Art from the Heart
Now that Blowing Rock's Art in the Park is a quarter century old, it is not surprising that it has become something of a family tradition for some of its artists.
When Charlotte Grabman of Charleston, S.C., won the Award of Excellence's blue ribbon in the juried show last month, she became the second person in her family to win Art in the Park's highest award.
"My mother won that same award back in 1993 in the May Art in the Park show," Grabman said. "An article about her was published in the Blowing Rocket on May 21, 1993, and I was in the picture. I was 8 years old at the time."
The photo was taken by longtime Blowing Rocket editor Jerry Burns.
Both Charlotte Grabman and her mother, Marie-Helene L. Grabman, won the best-in-show awards for "scherenschnitte," or the traditional use of paper cutting to create images.
"I am a third generation paper cutter," Grabman said. "My great-grandmother taught my mother, and I learned from her. I haven't been doing shows for very long, only for the past two-and-a-half years."
According to Grabman, her return to Blowing Rock after all these years has spurred many pleasant memories of attending Art in the Park with her mother.
"This was the second year that I did the Art in the Park show, and I did it because it is so nostalgic for me to return to Blowing Rock," Grabman said. "I spent many, many summers on the playground in the park as my mother exhibited in the show. My mother told me that I've been going to Art in the Park since I was about 2. She would set up a playpen behind her booth, and I would stay there during the show.
"My first memories of Blowing Rock were when my parents would put me into their full-sized van - there was hardly any room with my mother's display - at five in the morning to drive up to Blowing Rock from Charlotte. We would make the trip very early, so that my mom would have enough time to get her booth set up for the show. My mother recently remarked that she thinks that we both look awfully tired in our newspaper pictures."
Grabman remembered that on one trip to Blowing Rock when she was 4 or 5, her dad put her into the van barefoot and didn't notice until they got to Blowing Rock that his daughter had no shoes on her feet.
"So, when the stores opened along Main Street, my father took me, and we had to buy a pair of shoes," Grabman said. "This is how I got my first pair of black and white saddle shoes."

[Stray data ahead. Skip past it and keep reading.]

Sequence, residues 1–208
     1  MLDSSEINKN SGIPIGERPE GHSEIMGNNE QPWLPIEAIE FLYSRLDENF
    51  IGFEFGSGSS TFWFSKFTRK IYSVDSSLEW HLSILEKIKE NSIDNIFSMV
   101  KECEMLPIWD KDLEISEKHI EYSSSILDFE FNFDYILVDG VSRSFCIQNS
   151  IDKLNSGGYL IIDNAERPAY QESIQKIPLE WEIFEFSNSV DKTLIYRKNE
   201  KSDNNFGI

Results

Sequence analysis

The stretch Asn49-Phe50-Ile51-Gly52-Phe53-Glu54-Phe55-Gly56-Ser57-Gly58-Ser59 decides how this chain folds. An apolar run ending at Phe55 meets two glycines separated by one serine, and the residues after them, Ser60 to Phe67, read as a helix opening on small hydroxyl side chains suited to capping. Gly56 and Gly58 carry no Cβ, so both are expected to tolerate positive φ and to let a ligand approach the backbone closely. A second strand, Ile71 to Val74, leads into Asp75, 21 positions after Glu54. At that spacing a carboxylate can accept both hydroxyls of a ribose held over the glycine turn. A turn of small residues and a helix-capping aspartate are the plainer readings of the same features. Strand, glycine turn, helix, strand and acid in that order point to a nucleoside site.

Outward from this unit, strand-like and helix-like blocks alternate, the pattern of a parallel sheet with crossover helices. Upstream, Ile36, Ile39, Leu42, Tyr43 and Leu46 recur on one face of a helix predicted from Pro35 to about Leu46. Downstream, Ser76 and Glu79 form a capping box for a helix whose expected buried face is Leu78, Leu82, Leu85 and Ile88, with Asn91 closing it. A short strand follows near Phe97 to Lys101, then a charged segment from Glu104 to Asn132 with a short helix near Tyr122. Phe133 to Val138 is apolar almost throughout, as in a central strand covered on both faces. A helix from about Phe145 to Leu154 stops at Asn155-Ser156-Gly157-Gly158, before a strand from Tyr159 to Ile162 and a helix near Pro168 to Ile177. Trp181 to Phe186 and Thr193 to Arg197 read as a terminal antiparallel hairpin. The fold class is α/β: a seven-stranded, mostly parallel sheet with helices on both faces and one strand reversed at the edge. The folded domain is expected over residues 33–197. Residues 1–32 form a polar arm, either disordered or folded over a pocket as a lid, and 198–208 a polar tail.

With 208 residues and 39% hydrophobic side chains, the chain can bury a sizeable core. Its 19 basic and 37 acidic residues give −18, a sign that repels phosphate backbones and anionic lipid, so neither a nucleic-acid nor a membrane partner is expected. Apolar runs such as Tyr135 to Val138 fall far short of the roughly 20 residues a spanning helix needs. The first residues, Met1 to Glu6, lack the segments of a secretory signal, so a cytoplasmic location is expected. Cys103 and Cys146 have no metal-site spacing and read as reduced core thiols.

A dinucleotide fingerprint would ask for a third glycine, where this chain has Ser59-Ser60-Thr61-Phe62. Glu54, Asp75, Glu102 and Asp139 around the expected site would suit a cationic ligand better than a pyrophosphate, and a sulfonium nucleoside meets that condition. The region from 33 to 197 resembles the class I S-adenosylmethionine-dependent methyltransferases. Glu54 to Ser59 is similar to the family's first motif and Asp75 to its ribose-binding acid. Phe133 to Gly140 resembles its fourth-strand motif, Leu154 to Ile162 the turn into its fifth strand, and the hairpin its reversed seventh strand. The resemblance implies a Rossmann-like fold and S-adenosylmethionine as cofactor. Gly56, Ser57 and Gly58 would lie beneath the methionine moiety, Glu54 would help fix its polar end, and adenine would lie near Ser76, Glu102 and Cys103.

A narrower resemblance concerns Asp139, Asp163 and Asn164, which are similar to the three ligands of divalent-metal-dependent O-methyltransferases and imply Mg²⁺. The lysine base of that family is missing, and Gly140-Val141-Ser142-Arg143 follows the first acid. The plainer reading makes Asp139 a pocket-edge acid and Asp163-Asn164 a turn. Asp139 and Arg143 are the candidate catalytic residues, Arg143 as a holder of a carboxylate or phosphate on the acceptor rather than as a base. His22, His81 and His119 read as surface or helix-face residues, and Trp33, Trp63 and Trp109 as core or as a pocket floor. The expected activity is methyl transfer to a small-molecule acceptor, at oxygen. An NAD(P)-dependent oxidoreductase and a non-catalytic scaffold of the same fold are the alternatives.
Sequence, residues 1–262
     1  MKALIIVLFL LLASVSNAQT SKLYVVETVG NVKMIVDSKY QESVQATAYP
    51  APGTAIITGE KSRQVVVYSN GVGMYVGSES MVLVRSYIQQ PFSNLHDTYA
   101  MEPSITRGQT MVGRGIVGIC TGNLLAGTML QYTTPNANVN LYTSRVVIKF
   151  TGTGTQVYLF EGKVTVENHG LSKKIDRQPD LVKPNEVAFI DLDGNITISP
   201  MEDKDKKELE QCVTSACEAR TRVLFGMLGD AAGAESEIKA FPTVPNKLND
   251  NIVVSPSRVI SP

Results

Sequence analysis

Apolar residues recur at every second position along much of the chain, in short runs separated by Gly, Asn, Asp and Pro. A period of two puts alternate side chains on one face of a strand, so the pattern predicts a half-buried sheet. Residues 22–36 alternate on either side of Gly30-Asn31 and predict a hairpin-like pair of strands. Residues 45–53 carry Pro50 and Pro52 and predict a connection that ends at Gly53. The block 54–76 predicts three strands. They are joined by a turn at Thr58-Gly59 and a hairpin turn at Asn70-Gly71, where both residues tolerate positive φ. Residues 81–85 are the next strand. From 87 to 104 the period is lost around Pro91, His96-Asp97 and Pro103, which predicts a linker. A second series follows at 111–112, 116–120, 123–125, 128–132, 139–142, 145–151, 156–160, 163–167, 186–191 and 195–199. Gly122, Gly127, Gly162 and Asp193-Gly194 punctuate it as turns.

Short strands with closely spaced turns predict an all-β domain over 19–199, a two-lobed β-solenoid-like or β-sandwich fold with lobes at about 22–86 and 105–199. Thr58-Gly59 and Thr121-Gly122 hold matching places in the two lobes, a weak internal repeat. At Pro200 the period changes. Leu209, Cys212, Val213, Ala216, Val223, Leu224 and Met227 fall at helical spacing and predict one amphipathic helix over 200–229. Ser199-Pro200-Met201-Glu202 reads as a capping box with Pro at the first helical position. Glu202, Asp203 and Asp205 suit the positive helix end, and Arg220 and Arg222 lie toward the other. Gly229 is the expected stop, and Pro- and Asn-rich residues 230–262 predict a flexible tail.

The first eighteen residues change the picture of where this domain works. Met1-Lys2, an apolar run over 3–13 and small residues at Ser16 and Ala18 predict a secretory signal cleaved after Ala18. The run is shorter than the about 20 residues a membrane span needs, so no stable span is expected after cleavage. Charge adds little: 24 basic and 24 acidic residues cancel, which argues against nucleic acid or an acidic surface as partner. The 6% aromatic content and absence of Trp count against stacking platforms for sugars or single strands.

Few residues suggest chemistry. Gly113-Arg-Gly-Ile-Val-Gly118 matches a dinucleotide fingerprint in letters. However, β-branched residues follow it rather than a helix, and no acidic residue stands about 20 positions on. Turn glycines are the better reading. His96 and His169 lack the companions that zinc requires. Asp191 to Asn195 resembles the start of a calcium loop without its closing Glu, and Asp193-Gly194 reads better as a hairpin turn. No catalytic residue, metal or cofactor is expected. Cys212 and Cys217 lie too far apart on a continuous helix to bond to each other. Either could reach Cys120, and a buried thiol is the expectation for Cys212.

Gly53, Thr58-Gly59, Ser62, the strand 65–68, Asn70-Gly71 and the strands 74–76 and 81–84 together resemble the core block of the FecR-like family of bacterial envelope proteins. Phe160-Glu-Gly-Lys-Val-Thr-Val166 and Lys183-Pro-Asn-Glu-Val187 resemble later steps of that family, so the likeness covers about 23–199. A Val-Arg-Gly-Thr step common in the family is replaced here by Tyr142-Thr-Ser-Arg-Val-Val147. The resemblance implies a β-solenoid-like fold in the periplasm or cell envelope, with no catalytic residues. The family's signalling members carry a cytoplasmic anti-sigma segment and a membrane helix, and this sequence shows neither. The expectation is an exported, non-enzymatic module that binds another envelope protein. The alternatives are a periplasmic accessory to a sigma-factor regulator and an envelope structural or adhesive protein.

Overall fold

As Grabman got older, she discovered the joys of the Blowing Rock Community Library, one block over from Blowing Rock Memorial Park, where the Chamber of Commerce hosted Art in the Park in those days.
"I remember spending many hours in the little library beside the park during the Art in the Park shows," she said. "I wonder if they still have the bear rug in the children's reading area. I read many books on that rug."
According to library volunteers, the bear rug remains a favorite reading place for young visitors.
Another place in Blowing Rock that brings back fond memories of Grabman's childhood is Kilwin's ice cream parlor on Main Street.
"In Blowing Rock, my mother had no trouble getting me to eat my entire packed lunch, for one specific reason: Ice cream and fudge. I loved the ice cream shop! When I came back for the first time last year, my husband and I had ice cream for dinner the first night we were there."
While making artistic pictures with paper and scissors is one of her passions, Grabman works full-time as a sixth-grade teacher in Charleston. Her job prevents her from participating in too many art shows because it takes so long to build up stock for an art sale.
"It really has been a blessing to be able to come back to Blowing Rock these past two years," Grabman said. "When I first applied for Art in the Park, I really didn't think that my artwork was anything that would be to Blowing Rock's standards. I was so excited when I got my acceptance letter in the mail.
"I half-wondered, because of my last name, if the judges thought that I was my mother coming back to do the show."
In addition to Art in the Park, Grabman exhibits and sells her work at one other art show in Beaufort, S.C., using the same booth her mother used years ago.
"When I won the award this year, I just could not believe it," Grabman said. "The other artists' work is just superb at Blowing Rock, so I could not believe that the judges ranked my work among it. I am just so honored; it really is a dream come true.
"Winning an award at Blowing Rock makes me feel that the art form that I share with my mother has come full circle. My mother is an accomplished artist and started much of her career in Blowing Rock. I hope to one day be as good as she is, and to be as accomplished as she is.
"I feel that winning this award helps me to realize that I am on my way, as well. I also hope that, in the future, when I have children, they will be able to share in those same memories that I have of Blowing Rock."